A new study finds that people with video game-related addictions often struggle to quit, while people who struggle to manage their gaming addiction are much less likely to quit.
The study, published online Monday in the Journal of Consulting and Clinical Psychology, looked at the results of a survey of more than 5,000 people with an interest in video game or video game related issues.
The findings indicate that gaming addiction is more common among those who struggle with addiction and that those who try to stop gaming have little success.
The authors suggest that gamers may have a hard time losing interest in the games that have become the mainstay of gaming in the past decade.
The new study is the latest in a string of studies showing gaming is linked to more serious health problems.
The Centers for Disease Control and Prevention has found that video game players are more likely to develop chronic health conditions like obesity and hypertension, as well as depression and other psychiatric disorders.
Some scientists have also argued that video games may be contributing to mental health issues such as depression.
The researchers used data from the National Longitudinal Study of Adolescent Health to assess the relationship between gaming addiction and health problems, including mental health, depression and substance use disorders.
The survey covered 9,904 people ages 13 to 17 in the U.S.
A majority of the participants in the survey said they had attempted to stop playing games.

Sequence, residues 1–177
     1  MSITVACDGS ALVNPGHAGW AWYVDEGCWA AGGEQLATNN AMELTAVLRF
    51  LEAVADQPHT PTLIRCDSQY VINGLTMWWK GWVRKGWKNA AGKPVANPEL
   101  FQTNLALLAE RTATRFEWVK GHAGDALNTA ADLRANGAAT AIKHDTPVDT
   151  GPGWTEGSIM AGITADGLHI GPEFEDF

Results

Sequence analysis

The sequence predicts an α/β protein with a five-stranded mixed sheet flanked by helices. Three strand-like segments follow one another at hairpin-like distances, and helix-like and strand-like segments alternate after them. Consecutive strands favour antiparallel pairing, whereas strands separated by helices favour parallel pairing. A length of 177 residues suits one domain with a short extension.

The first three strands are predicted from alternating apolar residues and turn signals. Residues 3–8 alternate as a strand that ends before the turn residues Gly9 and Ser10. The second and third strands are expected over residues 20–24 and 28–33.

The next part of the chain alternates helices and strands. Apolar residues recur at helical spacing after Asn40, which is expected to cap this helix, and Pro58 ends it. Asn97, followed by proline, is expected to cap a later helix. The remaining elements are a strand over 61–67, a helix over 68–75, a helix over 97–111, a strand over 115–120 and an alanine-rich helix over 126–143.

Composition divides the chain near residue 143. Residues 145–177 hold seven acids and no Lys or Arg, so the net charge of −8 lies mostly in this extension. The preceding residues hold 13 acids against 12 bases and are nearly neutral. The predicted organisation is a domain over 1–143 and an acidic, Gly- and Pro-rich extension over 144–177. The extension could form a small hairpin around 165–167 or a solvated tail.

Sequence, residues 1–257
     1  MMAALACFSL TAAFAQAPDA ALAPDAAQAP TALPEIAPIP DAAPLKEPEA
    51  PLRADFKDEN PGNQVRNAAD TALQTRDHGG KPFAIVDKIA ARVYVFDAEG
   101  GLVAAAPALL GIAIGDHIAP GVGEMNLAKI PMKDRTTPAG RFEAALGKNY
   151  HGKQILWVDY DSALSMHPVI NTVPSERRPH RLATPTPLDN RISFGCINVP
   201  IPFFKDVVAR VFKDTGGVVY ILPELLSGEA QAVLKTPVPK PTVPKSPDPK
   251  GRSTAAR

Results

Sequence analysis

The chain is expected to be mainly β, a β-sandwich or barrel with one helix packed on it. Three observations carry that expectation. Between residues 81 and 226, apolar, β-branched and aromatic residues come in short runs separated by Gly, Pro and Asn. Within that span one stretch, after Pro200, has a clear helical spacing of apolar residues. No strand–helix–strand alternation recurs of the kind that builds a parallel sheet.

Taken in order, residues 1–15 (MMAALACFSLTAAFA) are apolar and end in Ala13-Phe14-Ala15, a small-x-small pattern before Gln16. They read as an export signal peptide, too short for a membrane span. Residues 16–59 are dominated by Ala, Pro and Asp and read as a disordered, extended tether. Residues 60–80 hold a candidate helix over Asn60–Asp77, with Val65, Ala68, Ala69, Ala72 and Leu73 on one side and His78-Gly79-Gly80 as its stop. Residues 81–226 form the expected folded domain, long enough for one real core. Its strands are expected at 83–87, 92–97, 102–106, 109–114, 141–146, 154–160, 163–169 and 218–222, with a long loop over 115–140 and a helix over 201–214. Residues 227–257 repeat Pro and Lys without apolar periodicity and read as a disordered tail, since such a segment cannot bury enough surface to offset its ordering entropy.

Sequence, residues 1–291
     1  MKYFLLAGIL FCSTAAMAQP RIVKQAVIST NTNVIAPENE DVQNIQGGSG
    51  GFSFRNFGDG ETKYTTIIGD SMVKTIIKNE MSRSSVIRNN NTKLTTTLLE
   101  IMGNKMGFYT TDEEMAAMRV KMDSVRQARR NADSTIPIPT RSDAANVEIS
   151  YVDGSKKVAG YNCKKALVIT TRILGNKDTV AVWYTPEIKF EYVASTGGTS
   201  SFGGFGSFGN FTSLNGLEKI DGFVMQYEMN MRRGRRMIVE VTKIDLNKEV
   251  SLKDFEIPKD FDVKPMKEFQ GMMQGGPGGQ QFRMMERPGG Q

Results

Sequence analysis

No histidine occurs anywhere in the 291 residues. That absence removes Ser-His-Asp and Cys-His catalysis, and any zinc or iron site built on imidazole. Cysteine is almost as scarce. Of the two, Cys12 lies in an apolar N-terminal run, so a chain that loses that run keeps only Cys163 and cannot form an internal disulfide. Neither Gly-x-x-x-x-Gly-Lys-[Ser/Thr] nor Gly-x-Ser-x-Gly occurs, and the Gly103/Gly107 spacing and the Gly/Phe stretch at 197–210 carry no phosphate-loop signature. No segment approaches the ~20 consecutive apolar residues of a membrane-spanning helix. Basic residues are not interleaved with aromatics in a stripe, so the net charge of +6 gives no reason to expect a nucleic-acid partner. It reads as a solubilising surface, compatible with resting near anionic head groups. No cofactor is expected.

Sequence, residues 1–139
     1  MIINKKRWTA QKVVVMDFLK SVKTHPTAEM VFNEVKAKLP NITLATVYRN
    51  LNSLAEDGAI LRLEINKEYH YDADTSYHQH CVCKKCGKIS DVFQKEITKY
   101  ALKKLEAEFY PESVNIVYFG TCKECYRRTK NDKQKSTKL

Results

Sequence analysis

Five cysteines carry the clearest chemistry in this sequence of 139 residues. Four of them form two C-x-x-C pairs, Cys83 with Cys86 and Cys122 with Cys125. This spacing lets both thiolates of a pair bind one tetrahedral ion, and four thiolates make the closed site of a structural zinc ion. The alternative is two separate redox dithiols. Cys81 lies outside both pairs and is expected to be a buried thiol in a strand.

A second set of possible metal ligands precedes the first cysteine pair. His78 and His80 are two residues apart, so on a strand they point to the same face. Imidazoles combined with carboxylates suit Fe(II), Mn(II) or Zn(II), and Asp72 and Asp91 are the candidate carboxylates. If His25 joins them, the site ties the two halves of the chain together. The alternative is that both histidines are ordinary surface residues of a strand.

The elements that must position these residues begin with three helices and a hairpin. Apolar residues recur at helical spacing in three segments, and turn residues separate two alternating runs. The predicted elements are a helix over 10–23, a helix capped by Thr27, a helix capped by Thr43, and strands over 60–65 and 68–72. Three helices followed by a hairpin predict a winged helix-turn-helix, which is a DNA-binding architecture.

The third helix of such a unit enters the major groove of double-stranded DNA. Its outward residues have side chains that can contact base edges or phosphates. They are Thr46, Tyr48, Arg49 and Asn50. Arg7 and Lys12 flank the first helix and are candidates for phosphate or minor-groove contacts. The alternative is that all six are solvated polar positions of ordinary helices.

The study found that 41 percent of those who tried to stop had been successful, compared with only 14 percent of the non-gamers.
A third of the people in the study who tried gaming-related cessation treatments were unsuccessful.
More than half of the survey participants said they played video games for hours a day, while the other half said they were not particularly active.
The authors of the study said that this could be because gaming addiction may have evolved to take advantage of people who are in the throes of addiction.
The number of people with a serious video game problem rose from 12 percent to 24 percent between 1999 and 2016, according to the study.
Those who tried video game cessation treatments had lower rates of serious gaming problems and more consistent abstinence outcomes than those who didn’t.
But the authors cautioned that the results may not be generalizable to other kinds of addictions.
The researchers said they would like to see more research into how video games are linked to health problems and whether they are more harmful than they are helpful.
They also noted that the study only examined video game use, not use of other forms of media.